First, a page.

June 2018
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Previous Posts

Caffeine’s Effect on the Brain by Lee Stanko

David DiSalvo’s article “What Caffeine Really Does to Your Brain” in the August 2012 issue of Psychology Today, discusses how caffeine “plays” the ultimate mimic  character of the inhibitory neurotransmitter adenosine. Adenosine is produced by neurons throughout the day and as they fire, and as more of it is produced, the more your nervous system [...]

Harmless Sipping by Sarah DeHaven

Link for the following post.

According to a recent study, published in the Archives of Pediatrics and Adolescent Medicine, researchers found that “many parents believe that letting young children taste alcohol discourages later use”. The study was based off of data collected from 1,050 mothers and their third-grade children in which the adults were asked their alcohol-specific attitudes [...]

A Creative Approach to Getting Rid of Unwanted Memories by Chris Caldwell

The April 2012 edition of Discover Magazine contained the article, “Where Memory Lives”, written by Dan Hurley. The article discussed the research designed to find if memories in the amygdala of mice where fear-based memories are stored could be manipulated. The research held promise, not only to eradicate the fear from trauma or a negative [...]

Why So Much Multitasking? by Natalia Van Reenen

This post is based on the following article found on the news page:

According to a recent study cited by the American Psychological Association, people experience an incredible 40 percent drop in productivity when they multitask. There is actually no such thing as multitasking; our brains can only process one thing at a time. When [...]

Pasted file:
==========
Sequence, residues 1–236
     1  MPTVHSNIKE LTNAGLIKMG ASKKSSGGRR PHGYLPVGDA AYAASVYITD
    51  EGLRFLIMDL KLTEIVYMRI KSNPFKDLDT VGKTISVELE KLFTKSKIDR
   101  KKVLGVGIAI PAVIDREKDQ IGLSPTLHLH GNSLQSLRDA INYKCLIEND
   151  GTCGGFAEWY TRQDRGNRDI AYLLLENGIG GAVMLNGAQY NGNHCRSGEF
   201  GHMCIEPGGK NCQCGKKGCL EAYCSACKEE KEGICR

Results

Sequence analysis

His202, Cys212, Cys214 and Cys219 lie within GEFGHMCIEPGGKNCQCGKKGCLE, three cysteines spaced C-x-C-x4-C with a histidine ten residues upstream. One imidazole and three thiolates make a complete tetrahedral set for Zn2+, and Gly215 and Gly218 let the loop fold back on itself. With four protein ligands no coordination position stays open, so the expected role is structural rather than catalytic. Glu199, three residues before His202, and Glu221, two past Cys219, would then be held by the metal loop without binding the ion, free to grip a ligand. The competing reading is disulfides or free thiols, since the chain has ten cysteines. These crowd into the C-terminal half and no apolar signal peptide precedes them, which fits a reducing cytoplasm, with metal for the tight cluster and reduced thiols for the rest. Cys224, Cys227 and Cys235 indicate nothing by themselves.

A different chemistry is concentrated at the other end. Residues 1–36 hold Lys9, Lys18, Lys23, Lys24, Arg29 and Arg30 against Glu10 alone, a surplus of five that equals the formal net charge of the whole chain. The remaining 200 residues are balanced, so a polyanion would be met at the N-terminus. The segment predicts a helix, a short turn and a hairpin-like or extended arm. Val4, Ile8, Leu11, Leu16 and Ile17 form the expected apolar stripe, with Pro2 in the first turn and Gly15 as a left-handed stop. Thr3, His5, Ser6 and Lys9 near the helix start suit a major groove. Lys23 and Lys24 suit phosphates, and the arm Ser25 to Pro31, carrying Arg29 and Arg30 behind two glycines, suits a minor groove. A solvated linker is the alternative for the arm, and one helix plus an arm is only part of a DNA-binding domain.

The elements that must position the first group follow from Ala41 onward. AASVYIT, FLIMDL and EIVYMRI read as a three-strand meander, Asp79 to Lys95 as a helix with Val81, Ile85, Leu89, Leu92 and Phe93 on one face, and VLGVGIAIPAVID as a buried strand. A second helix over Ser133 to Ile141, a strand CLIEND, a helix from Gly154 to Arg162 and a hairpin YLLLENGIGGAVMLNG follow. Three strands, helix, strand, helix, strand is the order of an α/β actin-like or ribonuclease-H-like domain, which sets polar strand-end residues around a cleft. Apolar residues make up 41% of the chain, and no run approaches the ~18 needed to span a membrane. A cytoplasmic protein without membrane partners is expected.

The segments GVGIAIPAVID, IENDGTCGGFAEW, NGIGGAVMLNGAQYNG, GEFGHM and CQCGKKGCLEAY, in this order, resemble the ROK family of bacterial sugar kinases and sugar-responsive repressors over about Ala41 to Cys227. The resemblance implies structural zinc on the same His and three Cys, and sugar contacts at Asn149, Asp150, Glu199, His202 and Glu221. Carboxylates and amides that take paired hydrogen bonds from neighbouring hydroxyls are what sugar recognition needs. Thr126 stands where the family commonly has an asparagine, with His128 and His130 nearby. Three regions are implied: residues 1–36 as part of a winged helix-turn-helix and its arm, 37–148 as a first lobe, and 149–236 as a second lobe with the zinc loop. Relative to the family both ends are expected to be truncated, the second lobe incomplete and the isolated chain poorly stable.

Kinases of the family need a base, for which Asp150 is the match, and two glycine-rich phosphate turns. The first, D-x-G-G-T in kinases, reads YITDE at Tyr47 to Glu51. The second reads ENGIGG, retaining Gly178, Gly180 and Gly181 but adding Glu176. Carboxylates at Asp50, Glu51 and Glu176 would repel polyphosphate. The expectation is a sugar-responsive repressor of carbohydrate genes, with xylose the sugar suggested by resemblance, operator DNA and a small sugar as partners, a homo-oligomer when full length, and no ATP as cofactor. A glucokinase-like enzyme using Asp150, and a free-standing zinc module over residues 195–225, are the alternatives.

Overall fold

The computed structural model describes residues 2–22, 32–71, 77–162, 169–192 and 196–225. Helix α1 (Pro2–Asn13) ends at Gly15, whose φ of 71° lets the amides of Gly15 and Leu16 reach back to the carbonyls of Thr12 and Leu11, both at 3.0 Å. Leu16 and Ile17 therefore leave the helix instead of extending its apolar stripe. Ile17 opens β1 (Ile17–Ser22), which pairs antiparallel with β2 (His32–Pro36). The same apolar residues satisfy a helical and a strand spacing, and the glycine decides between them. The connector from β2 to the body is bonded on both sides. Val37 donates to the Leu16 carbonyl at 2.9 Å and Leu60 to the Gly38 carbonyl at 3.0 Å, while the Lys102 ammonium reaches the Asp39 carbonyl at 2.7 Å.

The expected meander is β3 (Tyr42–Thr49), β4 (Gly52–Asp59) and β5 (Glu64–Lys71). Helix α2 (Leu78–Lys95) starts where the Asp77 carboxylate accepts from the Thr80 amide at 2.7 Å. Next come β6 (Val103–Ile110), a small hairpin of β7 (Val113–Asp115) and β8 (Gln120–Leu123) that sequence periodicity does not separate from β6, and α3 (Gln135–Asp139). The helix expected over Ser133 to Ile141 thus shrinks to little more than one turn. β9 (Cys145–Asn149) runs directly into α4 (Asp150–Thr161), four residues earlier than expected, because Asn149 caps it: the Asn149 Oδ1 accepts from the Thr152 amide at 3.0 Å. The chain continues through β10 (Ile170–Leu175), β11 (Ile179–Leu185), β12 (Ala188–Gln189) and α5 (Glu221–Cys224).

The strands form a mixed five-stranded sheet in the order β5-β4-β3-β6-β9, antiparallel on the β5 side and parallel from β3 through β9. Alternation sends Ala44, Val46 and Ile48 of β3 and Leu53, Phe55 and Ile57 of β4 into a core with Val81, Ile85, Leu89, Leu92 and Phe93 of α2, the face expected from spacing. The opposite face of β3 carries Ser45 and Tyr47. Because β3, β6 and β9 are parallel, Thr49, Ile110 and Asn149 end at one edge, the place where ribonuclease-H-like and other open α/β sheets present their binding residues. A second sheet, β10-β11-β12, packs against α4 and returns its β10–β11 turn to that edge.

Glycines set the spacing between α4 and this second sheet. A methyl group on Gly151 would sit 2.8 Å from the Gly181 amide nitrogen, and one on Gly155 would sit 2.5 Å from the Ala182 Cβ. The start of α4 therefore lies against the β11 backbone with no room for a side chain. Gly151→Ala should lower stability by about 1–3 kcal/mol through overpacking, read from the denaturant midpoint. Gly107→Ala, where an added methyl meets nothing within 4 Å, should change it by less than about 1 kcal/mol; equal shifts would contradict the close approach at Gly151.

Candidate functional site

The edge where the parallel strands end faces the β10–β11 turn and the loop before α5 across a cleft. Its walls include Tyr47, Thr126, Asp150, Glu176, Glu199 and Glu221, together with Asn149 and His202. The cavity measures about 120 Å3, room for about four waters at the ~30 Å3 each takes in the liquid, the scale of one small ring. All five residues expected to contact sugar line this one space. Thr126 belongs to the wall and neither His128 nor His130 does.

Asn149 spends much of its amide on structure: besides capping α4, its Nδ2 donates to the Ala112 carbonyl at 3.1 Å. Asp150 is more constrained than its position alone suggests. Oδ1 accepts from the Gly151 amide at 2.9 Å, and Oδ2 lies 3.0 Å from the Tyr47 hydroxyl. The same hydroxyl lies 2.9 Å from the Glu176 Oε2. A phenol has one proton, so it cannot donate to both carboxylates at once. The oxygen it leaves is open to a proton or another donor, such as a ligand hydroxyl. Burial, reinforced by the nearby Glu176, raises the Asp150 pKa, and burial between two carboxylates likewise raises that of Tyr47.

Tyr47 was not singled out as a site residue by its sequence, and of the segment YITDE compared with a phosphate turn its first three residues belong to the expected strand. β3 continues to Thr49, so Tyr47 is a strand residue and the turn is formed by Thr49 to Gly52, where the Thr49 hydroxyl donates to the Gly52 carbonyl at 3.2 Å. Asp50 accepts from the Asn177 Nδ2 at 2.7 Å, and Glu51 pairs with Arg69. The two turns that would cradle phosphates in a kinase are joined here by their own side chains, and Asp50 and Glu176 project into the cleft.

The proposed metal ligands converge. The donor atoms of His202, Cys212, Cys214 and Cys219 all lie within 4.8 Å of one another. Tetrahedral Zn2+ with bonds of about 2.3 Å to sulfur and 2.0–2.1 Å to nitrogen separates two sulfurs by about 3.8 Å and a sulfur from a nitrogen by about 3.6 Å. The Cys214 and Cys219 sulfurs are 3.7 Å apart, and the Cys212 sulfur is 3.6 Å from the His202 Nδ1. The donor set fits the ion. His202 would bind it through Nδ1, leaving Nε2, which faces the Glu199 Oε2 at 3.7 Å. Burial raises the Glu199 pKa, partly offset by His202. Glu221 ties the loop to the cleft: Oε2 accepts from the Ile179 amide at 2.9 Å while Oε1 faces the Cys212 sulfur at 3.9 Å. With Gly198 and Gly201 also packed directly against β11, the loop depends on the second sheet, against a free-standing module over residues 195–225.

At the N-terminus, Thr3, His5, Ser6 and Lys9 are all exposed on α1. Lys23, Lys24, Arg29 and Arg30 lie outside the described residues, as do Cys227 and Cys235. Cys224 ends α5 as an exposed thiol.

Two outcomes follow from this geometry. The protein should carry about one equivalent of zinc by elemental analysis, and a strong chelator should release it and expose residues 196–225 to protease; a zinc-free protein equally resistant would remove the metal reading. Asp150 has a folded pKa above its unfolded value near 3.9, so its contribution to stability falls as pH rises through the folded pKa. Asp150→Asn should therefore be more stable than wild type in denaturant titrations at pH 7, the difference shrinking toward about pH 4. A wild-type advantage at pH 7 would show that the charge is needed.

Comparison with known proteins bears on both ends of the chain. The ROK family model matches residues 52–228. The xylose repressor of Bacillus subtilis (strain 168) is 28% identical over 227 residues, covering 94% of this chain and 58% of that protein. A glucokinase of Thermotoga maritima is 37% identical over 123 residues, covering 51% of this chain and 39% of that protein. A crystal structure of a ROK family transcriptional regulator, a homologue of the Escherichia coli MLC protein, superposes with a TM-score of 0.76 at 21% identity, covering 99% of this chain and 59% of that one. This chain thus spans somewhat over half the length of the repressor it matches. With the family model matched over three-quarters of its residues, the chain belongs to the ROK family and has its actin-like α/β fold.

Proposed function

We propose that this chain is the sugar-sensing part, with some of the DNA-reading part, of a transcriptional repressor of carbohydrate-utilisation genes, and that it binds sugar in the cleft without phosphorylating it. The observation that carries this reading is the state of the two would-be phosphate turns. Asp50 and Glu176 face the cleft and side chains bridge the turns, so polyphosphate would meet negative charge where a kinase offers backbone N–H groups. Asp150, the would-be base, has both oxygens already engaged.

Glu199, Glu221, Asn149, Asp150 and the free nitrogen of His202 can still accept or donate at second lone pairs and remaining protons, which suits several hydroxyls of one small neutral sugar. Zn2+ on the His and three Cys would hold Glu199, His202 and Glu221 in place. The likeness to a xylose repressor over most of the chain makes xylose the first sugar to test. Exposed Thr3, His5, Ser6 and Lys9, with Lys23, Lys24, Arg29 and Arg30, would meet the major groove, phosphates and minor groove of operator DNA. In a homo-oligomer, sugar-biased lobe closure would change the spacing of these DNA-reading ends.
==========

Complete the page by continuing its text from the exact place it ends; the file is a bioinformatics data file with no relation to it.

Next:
Type of Glass Matters by Amber Mullins

Post based on the following article:

Researchers at the University of Bristol think they have found a way to help people pace themselves while out drinking alcoholic beverages. They have found within their research that the type of glass used to consume the alcohol changes the pace a person drinks it. They used 160 social drinkers [...]

Posts by My Research Lab

This semester, students who are working on research projects with me will be posting weekly entries on this blog.  The first of these (below) was by Jessica Reyka.  I welcome, and highly encourage your comments.  This is a blog, so opinions are welcome.

Bullying the Gifted by Jessica Reyka

Bullying and the Gifted: Welcome Back to School?  based on the following article:


Many gifted students have worries about going back to school due to the fact that they feel as though they don’t “belong” or fit in with their peers. Due to the idea that they portray themselves as a student in isolation compared to [...]

The Placebo Effect of Antidepressants

This past Sunday (2/19), 60 minutes ran a story on antidepressants, specifically SSRIs (watch video,  The central point of the story was that for people with mild to moderate depression, the effect of antidepressants was not greater than the placebos they were compared to in research trials.  Key points of discussion:

1. The drugs were effective, [...]

Prediction Machines

In Saturday’s New York Times Opinion page, an article by Dr. Andy Clark, do-thrifty-brains-make-better-minds (read the entire article using this link), describes the thrifty nature of the human brain. Essentially, our brain matches current stimuli (things we see, hear, smell, or emotions, drug states, etc.) with previous experience and predict what will happen next. We behave [...]

Blog is Live

It is my intent to use this blog as a tool for exposing students to the latest research in psychological science. Periodically, I will create posts on hot topics. I invite students to comment on these topics.